When Mia Nakano worked as a photojournalist in Nepal, she observed workshops intended to educate people in the countryside about queer, but primarily lesbian, identities. “I would ask [the facilitators], ‘How do you define the word?’ And every person gave me a different answer,” Nakano recalled. Her questions sparked a debate. Translators argued over terms and interpretations.
Nakano, who is based in the San Francisco Bay area, began wondering about the language people use to define themselves, especially when it comes to race, gender and sexual orientation. And thus, the Visibility Project was born.
Along with collaborator Christine Pan, Nakano has photographed more than 40 people to create a collective portrait of female, trans and gender queer Asian Americans. The series is also tied to surveys and films that document people’s struggles to define their identities beyond a butch/femme dichotomy or an Asian/non-Asian split. The Visibility Project explores the relationships between who we are, what we see and the language we use to describe all of it along the way.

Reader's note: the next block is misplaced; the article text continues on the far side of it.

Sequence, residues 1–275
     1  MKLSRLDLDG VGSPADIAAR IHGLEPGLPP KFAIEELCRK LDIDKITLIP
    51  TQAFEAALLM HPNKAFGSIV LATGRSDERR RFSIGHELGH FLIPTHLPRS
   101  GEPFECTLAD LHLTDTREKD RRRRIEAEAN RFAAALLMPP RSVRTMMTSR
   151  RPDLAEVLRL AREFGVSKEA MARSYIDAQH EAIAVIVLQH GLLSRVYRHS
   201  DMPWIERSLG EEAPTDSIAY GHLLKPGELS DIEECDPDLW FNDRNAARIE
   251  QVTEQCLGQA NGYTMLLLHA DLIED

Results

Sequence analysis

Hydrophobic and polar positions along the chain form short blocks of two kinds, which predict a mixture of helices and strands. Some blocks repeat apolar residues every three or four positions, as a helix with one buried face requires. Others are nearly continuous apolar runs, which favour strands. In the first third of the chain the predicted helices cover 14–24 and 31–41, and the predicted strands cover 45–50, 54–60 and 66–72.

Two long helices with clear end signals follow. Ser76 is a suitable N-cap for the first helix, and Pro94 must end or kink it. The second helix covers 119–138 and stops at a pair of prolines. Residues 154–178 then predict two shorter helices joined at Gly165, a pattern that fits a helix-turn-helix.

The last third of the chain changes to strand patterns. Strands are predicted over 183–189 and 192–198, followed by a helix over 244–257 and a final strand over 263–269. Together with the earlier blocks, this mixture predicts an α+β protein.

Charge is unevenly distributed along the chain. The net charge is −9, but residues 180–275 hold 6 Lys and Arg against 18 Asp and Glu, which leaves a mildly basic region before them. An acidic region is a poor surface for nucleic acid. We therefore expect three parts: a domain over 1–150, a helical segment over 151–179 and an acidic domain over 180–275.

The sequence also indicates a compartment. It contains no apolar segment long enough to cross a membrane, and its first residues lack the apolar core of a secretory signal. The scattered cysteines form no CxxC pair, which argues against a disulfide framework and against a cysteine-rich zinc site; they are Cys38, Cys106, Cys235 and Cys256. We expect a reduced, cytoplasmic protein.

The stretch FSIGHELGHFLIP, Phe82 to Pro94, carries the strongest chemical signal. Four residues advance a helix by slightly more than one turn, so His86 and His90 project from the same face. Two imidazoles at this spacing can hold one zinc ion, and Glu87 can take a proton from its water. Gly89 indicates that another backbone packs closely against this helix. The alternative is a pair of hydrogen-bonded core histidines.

But Nakano had other motives too. “Most of the material on Asian-American queer folks is very intellectualized, heady theses projects that aren’t accessible,” she said. There was always so much text, but never the faces of the people featured in the writing. The Visibility Project was Nakano’s response to that, too—the chance to empower a community to speak for themselves.
For more information, check out visibilityproject.org.